The CureApril 28, 2011
Apologies for my absence here lately. I am nearing the pointy end of editing for my novel Animal People, with the finished copy-edit due back at the publishers Friday week. It feels like the last chance to really get it as right as I can make it, so am sweating over each line again after considering the larger shape of it for a good while. Hence, little time for dropping in here, which I regret. Today’s recipe is a cross-post of something I wrote a few weeks ago for Murdoch Books’ 365 Day Challenge blog, in which various home cooks test recipes from Stephane Reynaud’s 365 Good Reasons to Sit Down & Eat. My first dish (two more to come) was this cured salmon. I’ll be back soon with some Indian vego stuff I’ve been making lately from another new book I’ve discovered, which is making me swoon. But until the novel is done it’s back to the book for me …
Cured salmon with peas
Cured salmon, or gravlax, has to be one of the most impressive dishes a girl can make in terms of bang-for-the-effort-buck. Apart from the curing time, which varies in recipes from 24 hours to several days, the actual preparation and garnishing time is around ten minutes max.
While other recipes often include vodka or gin in the curing mix, Stéphane’s cured salmon only uses sugar, salt & dill, and it worked just fine for me. As I was making it for two, rather than six, I just bought a single thickish salmon fillet (about 400g) but used the same amount of curing mixture as the recipe recommends for 800g; the result was fine and yielded plenty for snacks and light lunches.
For the preparation, all you do is mix a tablespoon each of coarse salt (I used ordinary cooking salt), coarsely ground pepper and sugar with one bunch of chopped dill together in a bowl, and then smother the salmon fillet in this mix.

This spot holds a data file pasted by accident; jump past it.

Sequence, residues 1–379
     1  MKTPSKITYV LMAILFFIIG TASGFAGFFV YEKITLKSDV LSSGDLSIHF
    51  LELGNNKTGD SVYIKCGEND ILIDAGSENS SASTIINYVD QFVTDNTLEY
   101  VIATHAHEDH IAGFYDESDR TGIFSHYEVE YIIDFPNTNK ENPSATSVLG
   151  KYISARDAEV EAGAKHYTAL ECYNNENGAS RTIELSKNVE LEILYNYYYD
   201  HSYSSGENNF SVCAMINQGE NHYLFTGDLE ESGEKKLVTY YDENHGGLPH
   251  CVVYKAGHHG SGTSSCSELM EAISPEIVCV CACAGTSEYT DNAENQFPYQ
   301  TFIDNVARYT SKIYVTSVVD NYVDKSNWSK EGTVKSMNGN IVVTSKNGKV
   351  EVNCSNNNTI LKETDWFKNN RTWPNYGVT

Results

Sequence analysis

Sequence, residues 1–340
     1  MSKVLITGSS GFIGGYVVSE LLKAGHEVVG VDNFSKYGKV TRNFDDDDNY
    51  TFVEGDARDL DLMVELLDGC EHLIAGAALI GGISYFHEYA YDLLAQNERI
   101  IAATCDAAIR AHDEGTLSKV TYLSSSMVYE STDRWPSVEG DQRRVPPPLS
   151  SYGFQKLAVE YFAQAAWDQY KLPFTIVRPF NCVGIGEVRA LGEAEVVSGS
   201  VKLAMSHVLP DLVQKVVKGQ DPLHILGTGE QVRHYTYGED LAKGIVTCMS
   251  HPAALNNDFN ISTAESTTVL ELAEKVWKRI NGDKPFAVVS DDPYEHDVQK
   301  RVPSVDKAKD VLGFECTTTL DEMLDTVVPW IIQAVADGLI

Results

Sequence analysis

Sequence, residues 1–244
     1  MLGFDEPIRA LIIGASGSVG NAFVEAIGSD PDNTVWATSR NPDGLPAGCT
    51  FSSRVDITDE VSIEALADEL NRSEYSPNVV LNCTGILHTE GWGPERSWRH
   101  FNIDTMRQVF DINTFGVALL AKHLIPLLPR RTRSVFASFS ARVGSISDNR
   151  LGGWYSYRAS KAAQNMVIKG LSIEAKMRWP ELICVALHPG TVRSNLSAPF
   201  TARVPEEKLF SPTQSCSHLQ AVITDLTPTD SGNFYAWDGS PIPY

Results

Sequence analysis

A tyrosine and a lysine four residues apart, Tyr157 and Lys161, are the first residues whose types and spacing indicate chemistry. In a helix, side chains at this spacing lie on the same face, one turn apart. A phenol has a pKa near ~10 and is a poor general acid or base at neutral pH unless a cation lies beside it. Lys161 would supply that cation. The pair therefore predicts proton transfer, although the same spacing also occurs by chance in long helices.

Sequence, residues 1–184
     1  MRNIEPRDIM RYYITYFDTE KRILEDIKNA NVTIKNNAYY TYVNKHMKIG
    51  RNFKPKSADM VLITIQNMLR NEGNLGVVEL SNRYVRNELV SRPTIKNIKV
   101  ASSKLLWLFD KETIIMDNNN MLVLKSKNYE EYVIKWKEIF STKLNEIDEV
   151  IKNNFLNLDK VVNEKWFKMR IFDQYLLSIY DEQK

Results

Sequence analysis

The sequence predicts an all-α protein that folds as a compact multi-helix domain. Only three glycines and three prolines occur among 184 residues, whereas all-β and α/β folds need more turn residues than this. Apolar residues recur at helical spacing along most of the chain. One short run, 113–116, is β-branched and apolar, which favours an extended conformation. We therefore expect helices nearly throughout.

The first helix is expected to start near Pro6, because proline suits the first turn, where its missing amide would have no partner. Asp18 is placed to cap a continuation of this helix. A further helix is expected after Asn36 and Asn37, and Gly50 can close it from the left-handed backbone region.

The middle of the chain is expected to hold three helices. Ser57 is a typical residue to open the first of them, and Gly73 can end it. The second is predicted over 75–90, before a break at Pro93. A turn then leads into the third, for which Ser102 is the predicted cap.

Then comes the waiting. Stéphane says leave the salmon in the fridge (I’d recommend in a glass or ceramic dish) for 48 hours for it to ‘purge’ – to remove the water content in the salmon, concentrating its flavour and sort of toughening up the texture. Because we were out in the evenings a lot this week I ended up leaving the salmon for another 24 hours on top of the recommended 48, and liked it very much. I think perhaps for my taste 48 hours might not be quite enough, but it really is a matter of taste I reckon. The longer you leave it the dryer it gets, the stronger the flavour – and perhaps the thinner you should slice it.
Once the curing time is up, take out the salmon and pat it dry with paper towels and slice. Stéphane recommends serving thickish pieces – 5cm in fact – but once I tasted it I preferred it very thinly sliced, as we’re used to eating with smoked salmon. It’s very rich, so paper thin shreds are delicious.
I really loved Stéphane’s addition of the shaved bits of shallot and lime, and the peas. As I was in a rush to serve I couldn’t be bothered zesting, so I just sliced the lime as thinly as possible and then quartered the slices, leaving the skin on. I also used thick, Greek-style natural yoghurt instead of the recipe’s combined olive oil & crème fraîche, which sounds amazing – but if you’re trying this for healthy midweek cooking, as I was, could be a little too sumptuous. The lazy cook in me also prefers frozen peas (I can’t get enough of them) so used frozen peas pinged in the microwave for half a minute instead of fresh peas.
The flavour and texture combo of the silky salmon, the soft peas and yoghurt with the sharp, slight bitterness of the lime and shallot was fantastic. I’ll definitely be doing this little baby again sometime – as a beautifully simple starter, for starters, or tumbled together as an addition to a table full of salads. A big tick for this one from me.